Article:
Thursday, October 30, 2008

Vivienne Westwood's Use of Tartan

Vivienne Westwood is famous for her witty re-interpretations of historical dress and textiles. She is a great fan of British fabrics and crafts. She has used traditional Scottish tartans for many years - from bondage trousers to tailored suits. She even designed her own tartan for her Anglomania collection, Autumn / Winter 1993/4, made by Lochcarron. It was named MacAndreas after her husband Andreas Kronthaler.

Vivienne Westwood 2007 F/F

Colour: shades and meaning
The shades of colour in tartan can be altered to produce variations of the same tartan. The resulting variations are termed: modern, ancient, and muted. These terms refer to colour only.

  • Modern represents a tartan that is coloured using chemical dye, as opposed to natural dye. In the mid-19th century natural dyes began to be replaced by chemical dyes which were easier to use and were more economic for the booming tartan industry. Chemical dyes tended to produce a very strong, dark colour compared to the natural dyes. In modern colours, setts made up of blue, black and green tend be obscured.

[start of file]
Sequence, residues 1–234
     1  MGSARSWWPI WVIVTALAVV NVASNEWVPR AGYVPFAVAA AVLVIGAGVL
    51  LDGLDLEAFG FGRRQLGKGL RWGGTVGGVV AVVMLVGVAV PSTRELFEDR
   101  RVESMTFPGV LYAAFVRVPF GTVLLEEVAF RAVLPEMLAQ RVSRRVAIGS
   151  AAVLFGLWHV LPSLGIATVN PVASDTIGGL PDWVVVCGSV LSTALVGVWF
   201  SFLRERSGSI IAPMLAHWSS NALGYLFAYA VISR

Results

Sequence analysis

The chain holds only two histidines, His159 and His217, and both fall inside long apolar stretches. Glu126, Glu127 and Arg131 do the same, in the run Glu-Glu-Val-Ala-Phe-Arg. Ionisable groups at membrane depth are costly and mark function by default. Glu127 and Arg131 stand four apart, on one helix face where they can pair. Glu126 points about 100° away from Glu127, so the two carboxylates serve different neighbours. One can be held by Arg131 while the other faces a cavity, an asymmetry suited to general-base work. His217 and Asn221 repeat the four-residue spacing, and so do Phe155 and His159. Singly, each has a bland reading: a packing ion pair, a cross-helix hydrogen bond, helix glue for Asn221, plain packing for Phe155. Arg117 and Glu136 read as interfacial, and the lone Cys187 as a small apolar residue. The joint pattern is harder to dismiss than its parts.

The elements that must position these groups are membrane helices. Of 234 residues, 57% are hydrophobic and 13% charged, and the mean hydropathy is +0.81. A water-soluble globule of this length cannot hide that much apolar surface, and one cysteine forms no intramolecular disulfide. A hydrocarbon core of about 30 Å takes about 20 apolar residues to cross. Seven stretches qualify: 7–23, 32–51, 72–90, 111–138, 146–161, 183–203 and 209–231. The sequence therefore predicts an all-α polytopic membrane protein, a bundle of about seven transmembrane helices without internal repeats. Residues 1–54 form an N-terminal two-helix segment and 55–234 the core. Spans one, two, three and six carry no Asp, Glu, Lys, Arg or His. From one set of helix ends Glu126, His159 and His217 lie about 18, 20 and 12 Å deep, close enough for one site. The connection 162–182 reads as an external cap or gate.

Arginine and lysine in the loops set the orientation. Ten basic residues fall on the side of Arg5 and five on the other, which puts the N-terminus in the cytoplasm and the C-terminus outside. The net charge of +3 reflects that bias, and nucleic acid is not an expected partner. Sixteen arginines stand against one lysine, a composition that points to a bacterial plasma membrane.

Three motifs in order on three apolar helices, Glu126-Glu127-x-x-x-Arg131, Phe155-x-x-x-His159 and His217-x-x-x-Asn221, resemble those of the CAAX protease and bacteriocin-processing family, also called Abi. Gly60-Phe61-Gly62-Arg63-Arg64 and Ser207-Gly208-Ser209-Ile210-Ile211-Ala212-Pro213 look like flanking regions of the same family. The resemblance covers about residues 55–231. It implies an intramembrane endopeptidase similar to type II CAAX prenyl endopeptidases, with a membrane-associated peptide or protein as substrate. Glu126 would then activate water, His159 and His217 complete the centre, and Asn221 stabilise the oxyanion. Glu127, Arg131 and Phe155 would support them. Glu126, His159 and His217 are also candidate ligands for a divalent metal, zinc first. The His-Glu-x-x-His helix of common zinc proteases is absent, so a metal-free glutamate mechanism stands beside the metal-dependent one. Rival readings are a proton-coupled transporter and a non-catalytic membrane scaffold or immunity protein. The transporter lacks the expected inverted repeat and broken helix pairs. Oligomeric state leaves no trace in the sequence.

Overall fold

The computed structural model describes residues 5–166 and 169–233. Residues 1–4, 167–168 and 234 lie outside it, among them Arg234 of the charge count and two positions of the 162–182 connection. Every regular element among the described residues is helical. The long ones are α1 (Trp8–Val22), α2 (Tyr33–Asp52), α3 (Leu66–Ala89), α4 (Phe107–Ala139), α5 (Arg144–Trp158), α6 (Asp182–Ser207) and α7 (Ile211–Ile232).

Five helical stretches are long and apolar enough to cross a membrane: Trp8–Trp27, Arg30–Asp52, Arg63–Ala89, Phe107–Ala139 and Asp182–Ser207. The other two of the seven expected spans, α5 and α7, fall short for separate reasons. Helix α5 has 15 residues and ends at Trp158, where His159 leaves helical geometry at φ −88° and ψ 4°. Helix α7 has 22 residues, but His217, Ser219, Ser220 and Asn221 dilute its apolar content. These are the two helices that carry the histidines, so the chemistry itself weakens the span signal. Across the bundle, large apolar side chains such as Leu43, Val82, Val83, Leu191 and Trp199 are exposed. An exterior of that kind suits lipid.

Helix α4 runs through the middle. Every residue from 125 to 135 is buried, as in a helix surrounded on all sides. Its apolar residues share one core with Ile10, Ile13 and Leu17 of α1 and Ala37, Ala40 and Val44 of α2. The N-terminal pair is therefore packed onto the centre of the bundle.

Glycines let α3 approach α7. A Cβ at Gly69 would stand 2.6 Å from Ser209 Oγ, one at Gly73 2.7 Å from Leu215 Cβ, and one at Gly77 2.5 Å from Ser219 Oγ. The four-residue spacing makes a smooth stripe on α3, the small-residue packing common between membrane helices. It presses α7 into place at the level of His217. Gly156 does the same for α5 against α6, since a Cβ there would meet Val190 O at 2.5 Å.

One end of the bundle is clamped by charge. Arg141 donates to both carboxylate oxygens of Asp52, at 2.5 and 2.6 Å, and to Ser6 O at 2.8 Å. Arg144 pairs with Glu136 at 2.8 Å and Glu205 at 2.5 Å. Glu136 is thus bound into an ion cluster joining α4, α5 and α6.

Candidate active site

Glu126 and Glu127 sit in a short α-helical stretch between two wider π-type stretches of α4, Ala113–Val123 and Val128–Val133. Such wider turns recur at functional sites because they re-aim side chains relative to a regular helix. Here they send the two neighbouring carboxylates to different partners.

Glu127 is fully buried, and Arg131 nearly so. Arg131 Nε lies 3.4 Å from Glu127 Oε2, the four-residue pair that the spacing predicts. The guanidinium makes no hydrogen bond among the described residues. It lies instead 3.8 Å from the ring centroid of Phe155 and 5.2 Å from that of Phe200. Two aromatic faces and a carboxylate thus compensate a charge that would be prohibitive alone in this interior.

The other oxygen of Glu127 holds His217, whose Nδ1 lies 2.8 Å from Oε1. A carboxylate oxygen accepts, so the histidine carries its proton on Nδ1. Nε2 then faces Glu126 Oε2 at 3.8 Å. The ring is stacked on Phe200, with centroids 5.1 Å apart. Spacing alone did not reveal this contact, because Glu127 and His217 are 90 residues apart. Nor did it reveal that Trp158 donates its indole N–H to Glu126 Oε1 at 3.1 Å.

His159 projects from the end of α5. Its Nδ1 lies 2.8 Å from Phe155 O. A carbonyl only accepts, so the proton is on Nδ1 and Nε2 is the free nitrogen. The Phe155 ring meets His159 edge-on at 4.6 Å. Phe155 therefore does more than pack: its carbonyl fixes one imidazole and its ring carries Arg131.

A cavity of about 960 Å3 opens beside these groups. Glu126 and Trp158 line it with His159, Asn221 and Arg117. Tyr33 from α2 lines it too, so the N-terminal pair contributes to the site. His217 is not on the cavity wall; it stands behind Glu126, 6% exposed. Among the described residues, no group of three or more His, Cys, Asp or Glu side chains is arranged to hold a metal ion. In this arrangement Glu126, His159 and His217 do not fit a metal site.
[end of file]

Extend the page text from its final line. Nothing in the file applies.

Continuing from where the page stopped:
• Ancient refers to a lighter shade of tartan. This shade is supposed to represent the colours that would be obtained by using natural dyes such as Yellow, orange, blue, red, green, brown and grey.

  • Muted refers to tartan which is shade between modern and ancient. This type of tartan is very modern, dating only from the early 1970s. This shade is said to be the closest match to the shades attained by natural dyes used before the mid-19th century

Tartan made a resurgence in its use in Punk Fashion . In the late 1970s punk music was a way for youth in the British Isles to voice their discontent with the ruling class.

  • The idea that the various colours used in tartan have a specific meaning is purely a modern one. One such myth is that red tartans were "battle tartans", designed so they would not show blood.

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